The survey used by the Company was based on the conflict minerals reporting template developed by the Conflict-Free Sourcing Initiative (the “CFSI Reporting Template”). However, in creating the survey, the Program Office made certain modifications to the CFSI Reporting Template to tailor it to the specific nature of the Company’s supply chain. The Company’s survey also included an inquiry as to whether any Conflict Minerals used by vendors and service providers originated with smelters or refiners that have: (a) received a “DRC Conflict Free” designation from the Conflict-Free Smelter Program of the Conflict-Free Sourcing Initiative; (b) been included on the “Good Delivery” list of the London Bullion Market Association; and/or (c) been certified pursuant to the Responsible Jewellery Council’s Chain-of-Custody Standard. In this report, the term “Three Conflict-Free Smelter Programs” is used to refer collectively to this program, list and standard.

After additional internal analysis, preliminary communications with vendors and service providers, and review of completed surveys, the Program Office determined that 171 of the 209 vendors and service providers surveyed either provided applicable products to the Company that contained Conflict Minerals that had entered the Company’s supply chain after January 31, 2013 to be used in the manufacture of the Company’s finished goods in 2014, or had provided pre-sale or concurrent-with-sale repairs and alterations in 2014 that might have introduced Conflict Minerals into the Company’s finished goods. Accordingly, the Program Office determined that these 171 vendors and service providers (the “RCOI vendors”) should be included within the scope of the Company’s reasonable country of origin inquiry.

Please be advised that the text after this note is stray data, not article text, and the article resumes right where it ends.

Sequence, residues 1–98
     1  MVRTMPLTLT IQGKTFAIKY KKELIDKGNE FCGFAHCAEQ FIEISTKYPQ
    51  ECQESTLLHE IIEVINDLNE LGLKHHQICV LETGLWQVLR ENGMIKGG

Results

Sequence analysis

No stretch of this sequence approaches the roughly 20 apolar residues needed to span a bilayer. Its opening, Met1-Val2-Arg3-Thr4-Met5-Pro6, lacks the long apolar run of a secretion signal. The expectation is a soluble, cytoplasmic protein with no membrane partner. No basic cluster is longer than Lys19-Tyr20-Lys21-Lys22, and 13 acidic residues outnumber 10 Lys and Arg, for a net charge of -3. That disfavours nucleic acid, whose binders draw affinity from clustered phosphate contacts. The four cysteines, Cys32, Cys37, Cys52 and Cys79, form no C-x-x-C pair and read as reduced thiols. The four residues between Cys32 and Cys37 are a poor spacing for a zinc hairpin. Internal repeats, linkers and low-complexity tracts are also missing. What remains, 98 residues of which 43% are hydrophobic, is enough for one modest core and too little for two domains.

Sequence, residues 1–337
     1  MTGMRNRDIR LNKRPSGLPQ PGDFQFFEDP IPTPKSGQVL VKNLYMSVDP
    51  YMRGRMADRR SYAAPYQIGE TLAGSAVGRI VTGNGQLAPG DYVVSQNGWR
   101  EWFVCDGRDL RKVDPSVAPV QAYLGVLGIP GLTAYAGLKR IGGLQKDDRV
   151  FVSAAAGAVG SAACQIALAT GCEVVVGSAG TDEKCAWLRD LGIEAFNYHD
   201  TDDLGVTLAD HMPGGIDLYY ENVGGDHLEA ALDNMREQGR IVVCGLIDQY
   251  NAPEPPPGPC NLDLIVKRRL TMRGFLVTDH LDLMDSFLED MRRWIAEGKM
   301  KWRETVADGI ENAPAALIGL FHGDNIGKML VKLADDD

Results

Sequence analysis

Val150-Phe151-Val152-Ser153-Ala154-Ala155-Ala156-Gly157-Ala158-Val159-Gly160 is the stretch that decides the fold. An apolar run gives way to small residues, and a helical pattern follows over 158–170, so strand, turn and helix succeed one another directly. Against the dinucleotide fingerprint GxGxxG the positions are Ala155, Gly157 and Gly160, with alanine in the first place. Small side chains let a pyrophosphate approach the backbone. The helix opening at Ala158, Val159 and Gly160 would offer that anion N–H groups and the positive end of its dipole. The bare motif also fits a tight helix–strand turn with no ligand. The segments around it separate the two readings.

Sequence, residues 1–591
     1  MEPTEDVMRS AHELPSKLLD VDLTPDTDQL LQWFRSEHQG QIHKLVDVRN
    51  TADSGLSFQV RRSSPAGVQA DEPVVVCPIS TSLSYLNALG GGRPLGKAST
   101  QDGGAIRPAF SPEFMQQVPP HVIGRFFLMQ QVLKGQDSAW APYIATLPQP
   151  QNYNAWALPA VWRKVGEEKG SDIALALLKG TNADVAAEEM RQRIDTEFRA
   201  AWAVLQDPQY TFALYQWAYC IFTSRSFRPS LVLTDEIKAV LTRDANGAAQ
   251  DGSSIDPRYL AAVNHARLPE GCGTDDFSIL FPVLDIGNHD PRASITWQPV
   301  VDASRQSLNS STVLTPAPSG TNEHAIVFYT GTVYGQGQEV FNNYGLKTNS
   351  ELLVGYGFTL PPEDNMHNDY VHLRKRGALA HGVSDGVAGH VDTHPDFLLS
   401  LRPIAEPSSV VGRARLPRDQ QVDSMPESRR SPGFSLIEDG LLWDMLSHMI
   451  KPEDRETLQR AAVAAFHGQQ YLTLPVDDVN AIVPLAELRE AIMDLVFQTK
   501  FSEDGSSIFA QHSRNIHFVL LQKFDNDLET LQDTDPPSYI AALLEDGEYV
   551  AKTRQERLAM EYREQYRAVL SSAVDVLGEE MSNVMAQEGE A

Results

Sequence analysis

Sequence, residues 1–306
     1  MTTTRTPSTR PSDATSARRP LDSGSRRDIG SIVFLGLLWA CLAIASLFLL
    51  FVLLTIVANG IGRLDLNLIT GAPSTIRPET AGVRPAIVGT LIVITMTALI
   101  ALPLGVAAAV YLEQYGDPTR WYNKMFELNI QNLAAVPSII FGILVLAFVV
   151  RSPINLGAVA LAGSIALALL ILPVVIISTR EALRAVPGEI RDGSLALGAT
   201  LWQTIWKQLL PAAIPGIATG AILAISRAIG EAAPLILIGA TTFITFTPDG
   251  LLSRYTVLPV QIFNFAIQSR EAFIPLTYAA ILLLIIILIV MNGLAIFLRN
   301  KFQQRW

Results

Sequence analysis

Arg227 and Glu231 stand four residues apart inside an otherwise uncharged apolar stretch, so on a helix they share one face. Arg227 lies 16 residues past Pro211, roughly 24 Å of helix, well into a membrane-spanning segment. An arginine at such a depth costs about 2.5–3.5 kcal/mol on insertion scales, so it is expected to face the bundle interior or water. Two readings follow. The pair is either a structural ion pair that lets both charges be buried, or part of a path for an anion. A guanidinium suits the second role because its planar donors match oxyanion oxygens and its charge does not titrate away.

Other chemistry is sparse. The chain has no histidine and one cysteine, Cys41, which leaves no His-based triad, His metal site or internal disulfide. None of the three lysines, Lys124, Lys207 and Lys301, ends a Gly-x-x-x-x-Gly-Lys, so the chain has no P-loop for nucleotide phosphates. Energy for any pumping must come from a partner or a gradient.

Reasonable Country of Origin Inquiry

All but one of the RCOI vendors responded to the Company’s survey. Based on the survey responses and the product review, the Program Office confirmed that, in 2014, 167 of the 171 RCOI vendors (approximately 98%) provided the Company with applicable products that contained gold, ten of the 171 RCOI vendors (less than 6%) provided the Company with applicable products that contained tin or tungsten, and none of the RCOI vendors provided the Company with applicable products that contained tantalum.